Positive Energy

Monday, May 24, 2004

Are We Safe Yet?

There is no question about the safety of CANDU reactors in operation. And we know how to store the nuclear fuel that has been used once. So the nuclear energy cycle is exceptionally clean and safe from the operational stage on. But what about the earlier stages of this process, the mining and refining steps? There are lots of handling, moving, processing, and storing tasks involved. How safe are these activities?

The first fact needed to understand this situation is that uranium itself is not dangerous. The mining and refining process extracts it as uranium oxide, a yellow powder. It is stored in 200 litre drums. If you stand beside one of these drums the radiation rate is about half that received from cosmic rays when you fly in a commercial airplane. So once we get away from the mine with the product things are OK. Some basic precautions are reasonable when handling this material, but the issues are manageable.

This leaves the mine itself as a point of concern. Some Canadian mines have exceptionally high grade ore. It contains a lot of uranium, and a lot of other elements that are dangerous such as radium and radon. In these mines robotic equipment is used to minimize the exposure of humans. Canada has not had any cases of radiation illness among its miners, so in this sense we seem to be doing a good job.

However, there are concerns about mine tailings, the stuff left behind after the uranium has been extracted. This waste material contains everything that is not uranium in the ore. When it was in the ground the uranium was decaying, as uranium does, leisurely breaking down into radium, radon, lead, and other elements. These byproducts could not go anywhere, and the ore has been there for a long time, so there is quite a build up associated with the uranium. These byproducts are dangerously radioactive. This is the stuff left behind when the uranium is extracted. It makes the tailings measurably radioactive. So the tailings from uranium mines need to be handled with care.

Uranium mines in Canada must be returned to a natural state when the ore is exhausted. In this natural state the radioactivity at the mine site must be the same as the general background radioactivity in that area. This is feasible, but takes some careful work to do it right. For this reason every mine has a bond posted that will provide enough money to do the clean up chores after the mine shuts down. Canadian mines are well regulated in this sense - provisions have been made up front for site restoration.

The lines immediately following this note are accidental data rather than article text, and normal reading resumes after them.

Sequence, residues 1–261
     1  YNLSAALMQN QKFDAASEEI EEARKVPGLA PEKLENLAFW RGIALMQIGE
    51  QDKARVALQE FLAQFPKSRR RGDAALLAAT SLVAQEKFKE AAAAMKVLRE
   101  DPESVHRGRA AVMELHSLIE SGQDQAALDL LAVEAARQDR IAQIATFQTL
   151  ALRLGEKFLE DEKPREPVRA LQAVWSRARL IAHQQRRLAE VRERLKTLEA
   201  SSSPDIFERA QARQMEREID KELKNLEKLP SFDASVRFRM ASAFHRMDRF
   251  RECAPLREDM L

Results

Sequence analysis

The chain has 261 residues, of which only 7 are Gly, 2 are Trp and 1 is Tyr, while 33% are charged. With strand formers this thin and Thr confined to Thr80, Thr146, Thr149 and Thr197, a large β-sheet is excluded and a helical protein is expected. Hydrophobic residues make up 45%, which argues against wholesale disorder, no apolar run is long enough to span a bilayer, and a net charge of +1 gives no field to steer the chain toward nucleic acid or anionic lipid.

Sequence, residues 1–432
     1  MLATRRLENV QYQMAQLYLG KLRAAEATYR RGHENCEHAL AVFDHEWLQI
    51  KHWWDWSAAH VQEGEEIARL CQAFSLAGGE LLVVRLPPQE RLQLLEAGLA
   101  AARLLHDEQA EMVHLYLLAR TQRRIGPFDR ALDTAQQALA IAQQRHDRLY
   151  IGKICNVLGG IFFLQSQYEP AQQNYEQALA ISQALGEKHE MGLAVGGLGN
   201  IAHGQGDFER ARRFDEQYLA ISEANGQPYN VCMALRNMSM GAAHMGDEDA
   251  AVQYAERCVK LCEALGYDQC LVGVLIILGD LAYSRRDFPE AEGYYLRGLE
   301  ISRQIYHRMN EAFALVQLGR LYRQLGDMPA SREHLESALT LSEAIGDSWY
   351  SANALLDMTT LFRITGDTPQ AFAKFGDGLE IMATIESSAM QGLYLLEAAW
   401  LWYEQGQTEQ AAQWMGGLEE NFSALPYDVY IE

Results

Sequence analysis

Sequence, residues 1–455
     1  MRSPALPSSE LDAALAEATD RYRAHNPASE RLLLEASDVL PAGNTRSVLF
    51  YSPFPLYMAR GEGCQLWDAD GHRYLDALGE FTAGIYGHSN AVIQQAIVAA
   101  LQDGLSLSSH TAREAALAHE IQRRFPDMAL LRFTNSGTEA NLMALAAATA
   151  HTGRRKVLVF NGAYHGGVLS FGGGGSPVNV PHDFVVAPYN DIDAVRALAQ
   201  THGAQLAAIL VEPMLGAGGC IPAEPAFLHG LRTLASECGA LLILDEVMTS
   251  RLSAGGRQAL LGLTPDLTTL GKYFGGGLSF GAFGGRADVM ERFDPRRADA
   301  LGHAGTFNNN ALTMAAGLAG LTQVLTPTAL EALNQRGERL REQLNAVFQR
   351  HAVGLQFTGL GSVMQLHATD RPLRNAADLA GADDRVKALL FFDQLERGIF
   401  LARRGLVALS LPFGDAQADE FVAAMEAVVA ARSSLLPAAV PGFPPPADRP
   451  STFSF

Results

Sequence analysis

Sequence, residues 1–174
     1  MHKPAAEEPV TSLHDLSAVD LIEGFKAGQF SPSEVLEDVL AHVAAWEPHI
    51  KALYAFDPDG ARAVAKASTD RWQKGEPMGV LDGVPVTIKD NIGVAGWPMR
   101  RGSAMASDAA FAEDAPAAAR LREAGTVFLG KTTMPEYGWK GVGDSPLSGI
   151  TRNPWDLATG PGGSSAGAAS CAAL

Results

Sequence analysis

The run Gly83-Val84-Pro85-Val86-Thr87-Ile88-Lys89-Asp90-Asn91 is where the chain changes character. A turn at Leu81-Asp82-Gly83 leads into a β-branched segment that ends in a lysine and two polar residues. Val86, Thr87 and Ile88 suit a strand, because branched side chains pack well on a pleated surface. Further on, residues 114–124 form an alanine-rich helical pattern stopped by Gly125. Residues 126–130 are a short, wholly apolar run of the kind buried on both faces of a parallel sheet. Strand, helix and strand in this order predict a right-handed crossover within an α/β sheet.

The tailings have to be stored while the mine is in use. We don't want people camping on them, and we don't want water washing through and spreading the solid material into unprotected areas. The tailing dumps are usually a controlled low area, sometimes a valley with a human-built dam at one end. Water is not allowed to run off. The water can evaporate, since this leaves the heavy products behind. When the mine stops operating the tailings can be put back into the mine itself, or covered where they sit with enough clay and rock to lower the radiation level to the background level. These closed sites then need annual monitoring to ensure that leaks have not begun.

Note that the overall radioactivity in an area is not increased by mining. The radioactive elements left in the tailings are just those that were there originally. If they are covered or put back into the mine there is no net change in the area.

My impression is that the nuclear power cycle can be run in a clean and safe manner. Instead of hundreds of mines extracting coal we have six mines extracting uranium. Just by being a lot smaller it is a lot safer. Instead of flooding thousands and thousands of hectares to dam rivers to a height sufficient for hydrodynamic electricity, we have a few tailing areas to manage. This is a much less destructive and safer process. Instead of floating thousands of tankers on the ocean with a certain percentage of them rupturing every year, we have a few trucks hauling a harmless yellow powder around. In total, the safety advantages of the nuclear energy cycle are compelling.



Uranium Mining Wastes

Include Radionuclides in CEPA list


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